Comedy / Drama

IMDb Rating 6.7 10 542

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Uploaded By: FREEMAN
March 25, 2022 at 05:05 PM


Demian Bichir as Cacomixtle
926.61 MB
Spanish 2.0
29.97 fps
1 hr 40 min
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Movie Reviews

Reviewed by claudio_carvalho 8 / 10

An Excellent and Very Respectful Comedy About Saints, Hope and Love

In Mexico, the very religious woman Esperanza (Dolores Heredia) has just lost her teenager daughter Blanca (Maya Zapata) in a simple throat surgery. The girl contracted an unknown virus, and had to be buried in a sealed closed coffin. While cooking at home, Esperanza sees the image of São Judas Tadeu projected on the dirty oven of her stove, who tells her that she shall look for her daughter. Esperanza, in her mind, believes the doctor sold her virgin daughter to some brothel and decides to look for her in many whorehouses in her town, in Tijuana and in Los Angeles. She confesses every vision she had and what she did to Padre Salvador (Fernando Toree Laphame), who advises her about how to she should have proceeded. Her journey begins in Mexico and ends in Los Angeles, where she meets the fighter Ángel (Alberto Estrella). They fall in love for each other. The end of this funny story is not corny. This film is one of the most intelligent comedies I have ever seen. Beginning with the name of each character: Esperanza means `hope'; Blanca means `white', the symbol of purity; Padre Salvador means `priest who saves'; Los Angeles means `the angels'; Paloma means `dove', the symbol of peace; Ángel means `angel'. Further, there are many jokes with saints, but all of them very respectful. The confessions of Esperanza, always after some confusion, are also hilarious. However, the beliefs of Esperanza are very respected until the last scene. She begins very fragile, but in the end she finds love and accepts the death of her daughter, although keeping her faith. The story, although being a love and hope story, is not corny. I liked it a lot. My vote is eight.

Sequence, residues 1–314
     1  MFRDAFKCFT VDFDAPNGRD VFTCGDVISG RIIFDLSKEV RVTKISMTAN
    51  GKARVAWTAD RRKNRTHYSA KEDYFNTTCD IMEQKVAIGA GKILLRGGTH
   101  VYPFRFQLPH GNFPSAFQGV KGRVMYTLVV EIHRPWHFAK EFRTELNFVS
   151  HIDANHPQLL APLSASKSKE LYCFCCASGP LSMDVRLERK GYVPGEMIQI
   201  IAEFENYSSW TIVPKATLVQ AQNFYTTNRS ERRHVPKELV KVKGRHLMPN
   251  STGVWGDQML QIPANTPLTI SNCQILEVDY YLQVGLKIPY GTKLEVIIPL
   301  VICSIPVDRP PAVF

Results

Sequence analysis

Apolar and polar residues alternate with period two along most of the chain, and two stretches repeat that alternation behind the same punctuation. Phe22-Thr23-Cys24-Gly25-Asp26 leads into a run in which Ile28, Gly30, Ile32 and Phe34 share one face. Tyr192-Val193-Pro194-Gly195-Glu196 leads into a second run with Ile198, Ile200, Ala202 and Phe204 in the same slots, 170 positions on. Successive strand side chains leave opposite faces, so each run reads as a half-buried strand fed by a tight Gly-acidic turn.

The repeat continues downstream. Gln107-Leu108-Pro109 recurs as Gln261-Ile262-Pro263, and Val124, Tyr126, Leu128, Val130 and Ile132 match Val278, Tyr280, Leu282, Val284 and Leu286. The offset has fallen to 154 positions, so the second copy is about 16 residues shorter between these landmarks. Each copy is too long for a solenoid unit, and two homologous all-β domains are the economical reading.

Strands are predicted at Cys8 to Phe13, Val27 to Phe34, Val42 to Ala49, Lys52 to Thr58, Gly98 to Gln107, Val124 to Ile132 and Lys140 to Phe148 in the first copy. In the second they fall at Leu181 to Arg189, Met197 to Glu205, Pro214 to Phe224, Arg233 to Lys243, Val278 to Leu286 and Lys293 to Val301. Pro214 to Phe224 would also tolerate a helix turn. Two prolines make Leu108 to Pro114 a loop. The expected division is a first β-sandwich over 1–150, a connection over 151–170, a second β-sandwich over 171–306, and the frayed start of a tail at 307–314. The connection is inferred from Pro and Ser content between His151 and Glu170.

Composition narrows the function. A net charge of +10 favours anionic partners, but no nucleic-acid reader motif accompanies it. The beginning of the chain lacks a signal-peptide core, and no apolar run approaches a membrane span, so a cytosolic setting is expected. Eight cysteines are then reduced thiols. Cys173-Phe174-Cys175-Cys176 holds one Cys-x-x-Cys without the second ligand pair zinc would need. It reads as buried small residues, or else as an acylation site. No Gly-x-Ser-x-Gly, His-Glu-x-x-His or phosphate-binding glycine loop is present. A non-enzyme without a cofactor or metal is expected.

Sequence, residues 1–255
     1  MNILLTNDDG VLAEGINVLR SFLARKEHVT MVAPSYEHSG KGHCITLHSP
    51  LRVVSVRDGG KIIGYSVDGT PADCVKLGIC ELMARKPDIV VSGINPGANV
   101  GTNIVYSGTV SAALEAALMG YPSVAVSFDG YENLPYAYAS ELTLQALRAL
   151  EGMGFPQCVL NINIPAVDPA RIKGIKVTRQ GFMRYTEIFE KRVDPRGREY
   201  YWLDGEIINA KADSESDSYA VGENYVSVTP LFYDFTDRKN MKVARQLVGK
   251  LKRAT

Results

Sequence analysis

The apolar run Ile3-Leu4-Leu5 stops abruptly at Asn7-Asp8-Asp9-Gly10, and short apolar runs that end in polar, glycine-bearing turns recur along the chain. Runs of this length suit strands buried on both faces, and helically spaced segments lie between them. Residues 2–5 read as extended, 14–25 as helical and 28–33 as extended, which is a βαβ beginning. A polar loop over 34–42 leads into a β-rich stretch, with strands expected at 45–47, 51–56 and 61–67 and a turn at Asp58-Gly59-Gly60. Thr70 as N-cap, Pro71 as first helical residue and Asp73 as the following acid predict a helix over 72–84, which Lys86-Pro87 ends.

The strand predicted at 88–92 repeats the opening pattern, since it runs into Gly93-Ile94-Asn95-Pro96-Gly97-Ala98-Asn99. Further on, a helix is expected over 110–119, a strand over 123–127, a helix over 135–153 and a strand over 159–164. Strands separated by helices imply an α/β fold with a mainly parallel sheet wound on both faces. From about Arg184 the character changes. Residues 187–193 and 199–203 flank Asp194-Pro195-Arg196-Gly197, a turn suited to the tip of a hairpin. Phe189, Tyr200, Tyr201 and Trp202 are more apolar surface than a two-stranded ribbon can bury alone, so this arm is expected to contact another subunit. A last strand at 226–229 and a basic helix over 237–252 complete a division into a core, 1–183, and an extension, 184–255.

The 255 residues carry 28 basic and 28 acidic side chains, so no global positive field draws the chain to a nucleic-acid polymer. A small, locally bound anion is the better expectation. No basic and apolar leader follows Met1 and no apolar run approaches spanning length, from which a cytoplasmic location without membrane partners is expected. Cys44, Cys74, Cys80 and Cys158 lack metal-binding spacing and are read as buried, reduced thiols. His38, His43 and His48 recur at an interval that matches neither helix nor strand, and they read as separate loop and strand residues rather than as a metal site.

Reviewed by jotix100 8 / 10

A guide to recognizing your saints

Consider Esperanza Diaz, a young widow who must deal with the death of her teen aged daughter Blanca. She is inconsolable, to say the least. Esperanza discovers one day the image of Saint Jude, the patron saint of impossible causes, in the door of her grimy oven, which she has neglected because she has no Easy-off cleaner. The saint speaks to her and tells her Blanca is alive. Esperanza runs to the church to tell it to Father Salvador, who goes along trying to appease the distraught woman.

Esperanza, who shares a house with another woman, Soledad, knows Blanca's death doesn't make sense. The girl went into the hospital for a minor procedure and ends up dead, under mysterious circumstances. Her body is never released to Esperanza because supposedly it can spread a certain type of virus. In trying to see Blanca's doctor, Esperanza is told he no longer practices in the hospital.